Advancing knowledge, furthering our collective understanding

- July 9, 2020

Researchers from Dal have received $1.6 million for their innovative social sciences and humanities projects through the Social Sciences and Humanities Research Council (SSHRC) Insight Grants program.

SSHRC is one of the three federal granting councils responsible for supporting the researchers and scholars who are strengthening science and evidence-based decision-making, while nurturing a culture of curiosity in Canada. The Insight Grants program supports research excellence in the social sciences and humanities. Funding is available to both emerging and established scholars for research initiatives of two to five years. This stable support for long-term research initiatives is central to advancing knowledge, as it enables scholars to address complex issues about individuals and societies, and further our collective understanding.

“We are very proud of all the SSHRC Insight Grant recipients from Dalhousie,” says Alice Aiken, Dal vice-president of research and innovation. “The discoveries made by these researchers will give us a greater understanding of the world around us and provide the government with evidence to make sound policy decisions about families and communities, health and the environment, and jobs.”

The announcement was made on Tuesday, July 7, 2020. A total of $91 million in funding was awarded to 1,253 researchers from 60 different institutions across Canada.

Highlights of some of the successfully funded projects:

Dr. Elaine Craig

Associate Professor, Schulich School of Law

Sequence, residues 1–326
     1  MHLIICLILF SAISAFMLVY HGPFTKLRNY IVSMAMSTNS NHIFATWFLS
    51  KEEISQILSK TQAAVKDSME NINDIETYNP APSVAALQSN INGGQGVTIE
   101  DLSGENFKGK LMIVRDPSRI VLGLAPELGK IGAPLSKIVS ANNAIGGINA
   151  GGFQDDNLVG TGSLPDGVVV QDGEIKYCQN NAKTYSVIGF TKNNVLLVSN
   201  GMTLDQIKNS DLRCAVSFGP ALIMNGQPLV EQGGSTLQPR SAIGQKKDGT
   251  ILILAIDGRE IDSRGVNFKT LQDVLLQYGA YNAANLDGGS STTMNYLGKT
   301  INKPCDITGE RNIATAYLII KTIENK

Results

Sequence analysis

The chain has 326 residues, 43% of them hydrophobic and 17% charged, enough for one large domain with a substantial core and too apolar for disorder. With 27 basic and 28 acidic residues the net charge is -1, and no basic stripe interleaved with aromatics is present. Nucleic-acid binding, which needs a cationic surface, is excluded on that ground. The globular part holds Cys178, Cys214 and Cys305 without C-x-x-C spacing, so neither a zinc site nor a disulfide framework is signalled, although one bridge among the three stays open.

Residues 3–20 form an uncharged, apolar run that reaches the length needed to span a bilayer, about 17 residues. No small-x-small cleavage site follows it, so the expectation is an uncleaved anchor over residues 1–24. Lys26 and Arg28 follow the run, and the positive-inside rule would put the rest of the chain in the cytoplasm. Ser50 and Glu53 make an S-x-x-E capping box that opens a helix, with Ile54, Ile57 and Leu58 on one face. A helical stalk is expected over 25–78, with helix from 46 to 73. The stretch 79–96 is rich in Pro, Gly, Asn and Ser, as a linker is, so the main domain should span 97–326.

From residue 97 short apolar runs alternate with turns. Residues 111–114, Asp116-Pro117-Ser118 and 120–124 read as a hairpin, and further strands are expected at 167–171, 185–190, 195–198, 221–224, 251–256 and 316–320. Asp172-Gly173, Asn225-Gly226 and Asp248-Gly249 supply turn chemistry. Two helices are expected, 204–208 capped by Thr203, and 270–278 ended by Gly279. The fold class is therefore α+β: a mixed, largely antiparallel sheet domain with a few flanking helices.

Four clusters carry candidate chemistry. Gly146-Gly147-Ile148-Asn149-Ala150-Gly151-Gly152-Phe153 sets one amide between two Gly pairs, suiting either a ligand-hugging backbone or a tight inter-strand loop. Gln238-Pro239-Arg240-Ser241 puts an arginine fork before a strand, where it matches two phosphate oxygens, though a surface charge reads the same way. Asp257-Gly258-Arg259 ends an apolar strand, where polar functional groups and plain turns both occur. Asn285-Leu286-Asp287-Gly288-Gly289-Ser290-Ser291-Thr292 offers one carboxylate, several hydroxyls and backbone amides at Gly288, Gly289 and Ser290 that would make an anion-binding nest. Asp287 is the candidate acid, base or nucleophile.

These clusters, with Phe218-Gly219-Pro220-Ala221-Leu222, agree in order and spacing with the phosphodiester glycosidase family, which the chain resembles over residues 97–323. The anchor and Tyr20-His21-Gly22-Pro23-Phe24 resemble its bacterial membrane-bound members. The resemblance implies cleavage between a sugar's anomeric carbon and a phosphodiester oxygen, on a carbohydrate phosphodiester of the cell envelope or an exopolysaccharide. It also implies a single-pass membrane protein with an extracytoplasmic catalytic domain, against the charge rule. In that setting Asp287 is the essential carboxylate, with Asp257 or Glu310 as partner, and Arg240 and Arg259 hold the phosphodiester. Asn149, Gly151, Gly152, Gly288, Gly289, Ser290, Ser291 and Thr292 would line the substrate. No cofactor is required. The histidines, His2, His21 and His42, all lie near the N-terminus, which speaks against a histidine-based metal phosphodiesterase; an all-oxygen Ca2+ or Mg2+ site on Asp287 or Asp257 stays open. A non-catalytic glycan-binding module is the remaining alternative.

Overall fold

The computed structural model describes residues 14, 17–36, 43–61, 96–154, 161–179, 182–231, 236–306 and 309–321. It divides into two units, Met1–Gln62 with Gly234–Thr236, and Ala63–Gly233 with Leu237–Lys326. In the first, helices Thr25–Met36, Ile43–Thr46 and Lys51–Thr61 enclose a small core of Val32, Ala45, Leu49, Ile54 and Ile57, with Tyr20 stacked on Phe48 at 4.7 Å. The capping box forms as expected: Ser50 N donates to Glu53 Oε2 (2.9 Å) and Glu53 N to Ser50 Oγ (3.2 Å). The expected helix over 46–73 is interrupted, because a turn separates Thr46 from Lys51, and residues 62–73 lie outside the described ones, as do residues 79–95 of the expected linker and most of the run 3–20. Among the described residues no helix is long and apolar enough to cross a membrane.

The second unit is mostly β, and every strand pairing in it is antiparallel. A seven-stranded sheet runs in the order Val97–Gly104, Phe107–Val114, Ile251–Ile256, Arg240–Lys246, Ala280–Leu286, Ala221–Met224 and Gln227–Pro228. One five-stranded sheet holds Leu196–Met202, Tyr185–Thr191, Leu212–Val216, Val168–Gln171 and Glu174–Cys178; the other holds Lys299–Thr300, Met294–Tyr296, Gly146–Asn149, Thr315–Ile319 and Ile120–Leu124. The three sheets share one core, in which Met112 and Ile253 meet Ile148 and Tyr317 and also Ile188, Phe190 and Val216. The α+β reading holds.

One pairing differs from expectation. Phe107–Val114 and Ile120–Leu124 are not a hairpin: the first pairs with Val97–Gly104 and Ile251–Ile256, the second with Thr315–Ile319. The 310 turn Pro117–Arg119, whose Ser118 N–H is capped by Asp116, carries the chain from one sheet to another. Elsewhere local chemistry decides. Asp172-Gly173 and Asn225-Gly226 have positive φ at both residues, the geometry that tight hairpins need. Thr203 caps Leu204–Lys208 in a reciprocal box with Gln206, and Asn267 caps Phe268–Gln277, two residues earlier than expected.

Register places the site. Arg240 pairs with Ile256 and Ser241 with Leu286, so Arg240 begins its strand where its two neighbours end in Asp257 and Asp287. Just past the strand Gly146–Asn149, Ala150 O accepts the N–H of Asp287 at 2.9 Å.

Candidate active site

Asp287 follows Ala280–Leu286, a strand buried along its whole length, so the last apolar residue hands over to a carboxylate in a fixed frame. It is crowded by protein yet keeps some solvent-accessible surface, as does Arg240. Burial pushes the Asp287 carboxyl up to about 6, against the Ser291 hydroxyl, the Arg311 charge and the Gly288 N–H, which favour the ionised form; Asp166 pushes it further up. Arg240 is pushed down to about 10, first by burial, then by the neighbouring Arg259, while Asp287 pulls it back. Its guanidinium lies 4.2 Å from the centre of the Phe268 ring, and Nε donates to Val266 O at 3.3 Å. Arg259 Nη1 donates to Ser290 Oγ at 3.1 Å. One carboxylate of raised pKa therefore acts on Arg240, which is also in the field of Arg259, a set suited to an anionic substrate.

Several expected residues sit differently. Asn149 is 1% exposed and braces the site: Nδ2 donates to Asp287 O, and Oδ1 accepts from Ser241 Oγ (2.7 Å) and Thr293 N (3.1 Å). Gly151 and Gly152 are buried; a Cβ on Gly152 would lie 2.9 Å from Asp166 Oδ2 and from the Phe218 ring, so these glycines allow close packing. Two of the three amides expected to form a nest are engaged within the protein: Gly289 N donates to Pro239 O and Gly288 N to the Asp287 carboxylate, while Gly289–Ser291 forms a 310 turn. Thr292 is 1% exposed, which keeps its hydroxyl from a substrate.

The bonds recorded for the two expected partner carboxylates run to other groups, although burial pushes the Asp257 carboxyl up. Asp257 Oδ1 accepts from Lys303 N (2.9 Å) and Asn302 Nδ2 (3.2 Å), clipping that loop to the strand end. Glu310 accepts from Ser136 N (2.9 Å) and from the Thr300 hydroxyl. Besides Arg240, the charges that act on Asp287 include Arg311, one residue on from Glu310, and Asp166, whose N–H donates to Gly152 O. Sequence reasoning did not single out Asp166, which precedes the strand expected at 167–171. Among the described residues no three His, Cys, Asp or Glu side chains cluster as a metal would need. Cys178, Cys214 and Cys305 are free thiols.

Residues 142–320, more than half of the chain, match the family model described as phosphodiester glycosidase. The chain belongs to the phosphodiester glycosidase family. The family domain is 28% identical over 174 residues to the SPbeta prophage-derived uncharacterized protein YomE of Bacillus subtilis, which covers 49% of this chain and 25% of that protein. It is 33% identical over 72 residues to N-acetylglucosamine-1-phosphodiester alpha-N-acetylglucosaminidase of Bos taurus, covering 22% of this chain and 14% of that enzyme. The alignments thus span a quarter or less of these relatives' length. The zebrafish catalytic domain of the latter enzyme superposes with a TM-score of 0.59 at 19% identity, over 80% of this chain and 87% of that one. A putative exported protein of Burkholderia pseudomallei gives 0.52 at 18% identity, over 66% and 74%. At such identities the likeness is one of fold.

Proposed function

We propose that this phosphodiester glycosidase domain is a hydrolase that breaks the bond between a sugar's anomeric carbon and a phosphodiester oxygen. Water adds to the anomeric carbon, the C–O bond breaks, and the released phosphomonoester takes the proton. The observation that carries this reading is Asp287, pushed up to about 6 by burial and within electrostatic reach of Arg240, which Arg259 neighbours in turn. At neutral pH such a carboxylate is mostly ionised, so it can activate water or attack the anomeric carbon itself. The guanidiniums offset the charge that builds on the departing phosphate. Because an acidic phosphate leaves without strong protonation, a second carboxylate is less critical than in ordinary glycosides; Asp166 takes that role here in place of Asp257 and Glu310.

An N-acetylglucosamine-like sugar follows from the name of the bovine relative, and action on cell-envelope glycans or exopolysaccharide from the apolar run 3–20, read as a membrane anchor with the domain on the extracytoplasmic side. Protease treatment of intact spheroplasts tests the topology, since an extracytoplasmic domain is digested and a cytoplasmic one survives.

There have been decades of law reforms in Canada aimed at eliminating discriminatory stereotypes and practices from Canadian sexual assault law. Yet the impact of these ground-breaking reforms, in terms of rates of reporting, conviction, attrition, and sexualized violence itself, has been negligible.
While there has been a great deal of caselaw research examining judicial reasoning in sexual assault cases, and some empirical work examining the policing stage of the process, there has been very little study of Crown processing of sexual assault cases, the practice of sexual assault law by lawyers or sexual assault trials themselves. Put simply, there is much that we do not know about the legal process in sexual assault cases in Canada. To understand why law reforms have fallen short and to determine how we might advance legal responses to sexualized violence in ways that will achieve measurable improvements, we need to know more about the processing of sexual assault cases. Similarly, the effectiveness of new initiatives, such as specialized sexual assault prosecutors and state-funded independent legal advice for survivors, cannot be assessed without a better understanding of their impact on the legal process.
The overarching objective of Dr. Craig’s research project is to increase this knowledge and understanding, and will be pursued by examining the patterns of decision-making and the practices and perspectives of crown prosecutors. The results of this study will improve public awareness regarding sexual assault cases, which may assist with both barriers to reporting and community-based proposals to improve legal responses to sexual violence.